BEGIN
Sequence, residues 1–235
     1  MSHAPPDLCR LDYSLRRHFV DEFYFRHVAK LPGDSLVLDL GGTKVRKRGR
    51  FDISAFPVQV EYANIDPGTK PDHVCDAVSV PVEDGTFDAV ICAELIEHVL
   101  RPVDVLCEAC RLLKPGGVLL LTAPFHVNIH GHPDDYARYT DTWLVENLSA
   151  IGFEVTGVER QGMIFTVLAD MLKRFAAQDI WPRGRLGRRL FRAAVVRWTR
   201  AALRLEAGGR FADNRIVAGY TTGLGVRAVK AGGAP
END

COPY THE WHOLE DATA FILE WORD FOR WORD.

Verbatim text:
Sequence, residues 1–235
     1  MSHAPPDLCR LDYSLRRHFV DEFYFRHVAK LPGDSLVLDL GGTKVRKRGR
    51  FDISAFPVQV EYANIDPGTK PDHVCDAVSV PVEDGTFDAV ICAELIEHVL
   101  RPVDVLCEAC RLLKPGGVLL LTAPFHVNIH GHPDDYARYT DTWLVENLSA
   151  IGFEVTGVER QGMIFTVLAD MLKRFAAQDI WPRGRLGRRL FRAAVVRWTR
   201  AALRLEAGGR FADNRIVAGY TTGLGVRAVK AGGAP